Also wrote Common Sense; Pushing Up People; All You Can Do Is All You Can Do, But All You Can Do Is Enough (which was on the New York Times bestseller list in 1988)
Founder, A.L. Williams Co.,
revolutionized the term life insurance industry
B.S. Mississippi State University and a M.A. in education from Auburn University
Art Williams : The Life Coach
By The 700 Club
TERM LIFE INSURANCE CRUSADER
Art Williams was born in 1942 in Waycross, Georgia, to a middle-class, Christian family, and grew up in nearby Cairo, with the dream of becoming a football coach. After college and two high school coaching jobs, he took the head coaching job at Kendrick High School in Columbus, Georgia, where he built a newly-formed team into champions in only three years. In the midst of a rewarding career as a winning high school football coach, boasting two “State Coach of the Year” awards, Art made a decision that would change his life dramatically.
His decision had its roots in a personal experience. In 1963, his father died unexpectedly of a heart attack, leaving his family with no will and very little life insurance. Art, in college at the time, knew little about life insurance, but several years later at a family reunion, a cousin introduced him to a different concept—“buy term and invest the difference.” Art was shocked to know that he could provide $150,000 of term coverage for the same premium he was paying for $15,000 of whole life. Remembering his parents’ experience, and believing that his father had been misled, and doing some research on life insurance, Art became a crusader for the term insurance concept.
He began to sell term insurance part-time, and quickly found that his commissions surpassed his coach’s salary. In 1973 he left his first company, ITT, for Waddell & Reed, another term company. And on February 10, 1977, with no business education or corporate management experience, he formed A.L. Williams & Associates in Atlanta, Georgia, with just 85 agents. A.L. Williams became one of the fastest-growing companies in modern business history. After six years in the industry, it was the largest term life insurance company. In ten years, it was a billion-dollar company. By 1990, the company had a sales force of 225,000 people and ranked as the largest seller of individual life insurance in the United States, selling $93.5 billion in face value of individual life insurance. In just 12 years, the company became the first in the entire industry to have more than $300 billion of life insurance in force, a milestone no other company has reached yet. Several years under Art’s leadership, the company sold more face value individual life insurance than New York Life and Prudential combined, the number two and three ranked companies.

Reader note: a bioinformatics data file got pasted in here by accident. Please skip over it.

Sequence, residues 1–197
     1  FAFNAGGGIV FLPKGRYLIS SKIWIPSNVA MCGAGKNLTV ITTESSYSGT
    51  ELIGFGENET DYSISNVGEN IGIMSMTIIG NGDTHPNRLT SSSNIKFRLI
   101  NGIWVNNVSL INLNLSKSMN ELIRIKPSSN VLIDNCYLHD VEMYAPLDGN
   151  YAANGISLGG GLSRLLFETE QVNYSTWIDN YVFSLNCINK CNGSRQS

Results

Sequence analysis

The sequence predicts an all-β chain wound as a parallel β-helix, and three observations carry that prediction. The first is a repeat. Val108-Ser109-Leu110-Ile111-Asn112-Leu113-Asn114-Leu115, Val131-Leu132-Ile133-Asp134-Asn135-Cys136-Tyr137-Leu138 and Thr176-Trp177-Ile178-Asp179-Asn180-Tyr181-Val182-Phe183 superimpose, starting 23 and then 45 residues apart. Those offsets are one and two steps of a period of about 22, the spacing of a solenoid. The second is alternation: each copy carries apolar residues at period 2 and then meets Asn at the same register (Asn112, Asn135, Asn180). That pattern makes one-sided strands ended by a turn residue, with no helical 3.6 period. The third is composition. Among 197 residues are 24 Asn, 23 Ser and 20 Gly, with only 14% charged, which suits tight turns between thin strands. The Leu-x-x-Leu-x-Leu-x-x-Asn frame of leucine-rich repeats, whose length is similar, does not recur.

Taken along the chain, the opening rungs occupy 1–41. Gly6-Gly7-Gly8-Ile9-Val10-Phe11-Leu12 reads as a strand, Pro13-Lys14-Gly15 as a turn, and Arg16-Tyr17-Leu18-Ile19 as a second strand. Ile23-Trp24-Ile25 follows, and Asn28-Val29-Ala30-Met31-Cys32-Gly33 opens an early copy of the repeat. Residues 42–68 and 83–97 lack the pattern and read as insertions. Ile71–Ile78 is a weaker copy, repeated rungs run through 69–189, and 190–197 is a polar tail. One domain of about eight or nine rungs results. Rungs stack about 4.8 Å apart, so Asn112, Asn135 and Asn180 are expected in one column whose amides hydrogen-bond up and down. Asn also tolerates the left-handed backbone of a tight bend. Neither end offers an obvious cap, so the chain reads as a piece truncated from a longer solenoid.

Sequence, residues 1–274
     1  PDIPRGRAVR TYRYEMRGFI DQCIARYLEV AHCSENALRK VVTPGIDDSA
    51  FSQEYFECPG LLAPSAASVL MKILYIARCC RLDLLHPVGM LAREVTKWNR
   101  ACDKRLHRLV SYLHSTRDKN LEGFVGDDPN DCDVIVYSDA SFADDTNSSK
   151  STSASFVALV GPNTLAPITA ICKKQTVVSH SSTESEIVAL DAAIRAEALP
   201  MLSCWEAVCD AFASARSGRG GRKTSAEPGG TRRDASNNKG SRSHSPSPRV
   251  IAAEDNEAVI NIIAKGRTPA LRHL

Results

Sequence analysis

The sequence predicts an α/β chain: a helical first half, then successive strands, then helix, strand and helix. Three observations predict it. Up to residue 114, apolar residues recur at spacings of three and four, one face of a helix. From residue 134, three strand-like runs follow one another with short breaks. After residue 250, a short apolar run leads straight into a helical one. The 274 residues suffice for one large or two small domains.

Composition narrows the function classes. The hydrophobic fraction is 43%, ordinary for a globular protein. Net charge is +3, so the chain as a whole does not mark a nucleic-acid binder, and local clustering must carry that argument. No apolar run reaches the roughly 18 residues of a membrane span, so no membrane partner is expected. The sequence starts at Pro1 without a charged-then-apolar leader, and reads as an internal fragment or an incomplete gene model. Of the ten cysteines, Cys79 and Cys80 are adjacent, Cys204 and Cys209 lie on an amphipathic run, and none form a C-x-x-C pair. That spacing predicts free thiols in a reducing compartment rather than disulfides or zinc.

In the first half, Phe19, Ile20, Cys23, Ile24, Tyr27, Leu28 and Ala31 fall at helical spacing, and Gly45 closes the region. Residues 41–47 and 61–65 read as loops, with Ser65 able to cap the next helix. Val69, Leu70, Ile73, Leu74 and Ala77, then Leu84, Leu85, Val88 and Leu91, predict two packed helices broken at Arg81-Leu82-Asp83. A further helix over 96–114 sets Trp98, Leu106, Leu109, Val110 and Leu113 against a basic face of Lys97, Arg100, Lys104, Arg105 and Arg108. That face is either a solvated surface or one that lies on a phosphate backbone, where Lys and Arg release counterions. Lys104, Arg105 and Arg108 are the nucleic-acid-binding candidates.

In November 1989, Art sold his company to New York-based Primerica Corporation, a diversified financial services company – a decision that has been one of his biggest regrets. He then served as an advisor to Primerica for a short period of time. Essentially retired from business, Art and his wife moved from Atlanta to Palm Beach, Florida, and began to pursue other interests. Some 16 years removed from the presidency of A.L. Williams Corporation is now part of Citigroup.
Art had a family history of bad heart conditions and had a pacemaker in his own heart. He felt that in case anything happened to him and for the future stability of the company, it would be wise to sell it. He met Sandy Weill of Primerica and thought it would be the best option to sell the company to him. After Art sold the company, he realized he made a terrible mistake, but it was too late. For the next two years, Art fell into a deep depression and was bitter. He lost his passion for his business and questioned everything, even his faith. However, this was a time for soul-searching. Art says he discovered he was relying too much on the belief that he was in control of everything, even though he knew God had His hand on the business and had a special purpose for Art. The Lord took him to the lowest of the low when he lost his company. Through that two year trial after he sold his company, he learned he had his priorities wrong. It was a gradual lesson to learn, but he began to discover faith in a different way and took it more seriously. Though God had been important all his life (he grew up in the church and accepted Jesus at the age of twelve), his faith became more real. He found healing in listening to three to four sermons a day that his friend Reverend Jerry Falwell had sent him. Spending time with his family and writing his book Coach: The A.L. Williams Story helped.
In retrospect some of the important principles that Art learned that he would like to pass on are: win with your heart, not your head – win on emotion, not in logic; have a passion about what you do; nobody wants a boss (who criticizes, judges, and finds flaws), everybody wants a coach (who finds strengths and builds on them).
Art says that the bigger a person's goals are, the bigger the challenges are to overcome. People should fight the fight and have big dreams. Art says don't give up; don't give up on your dreams.
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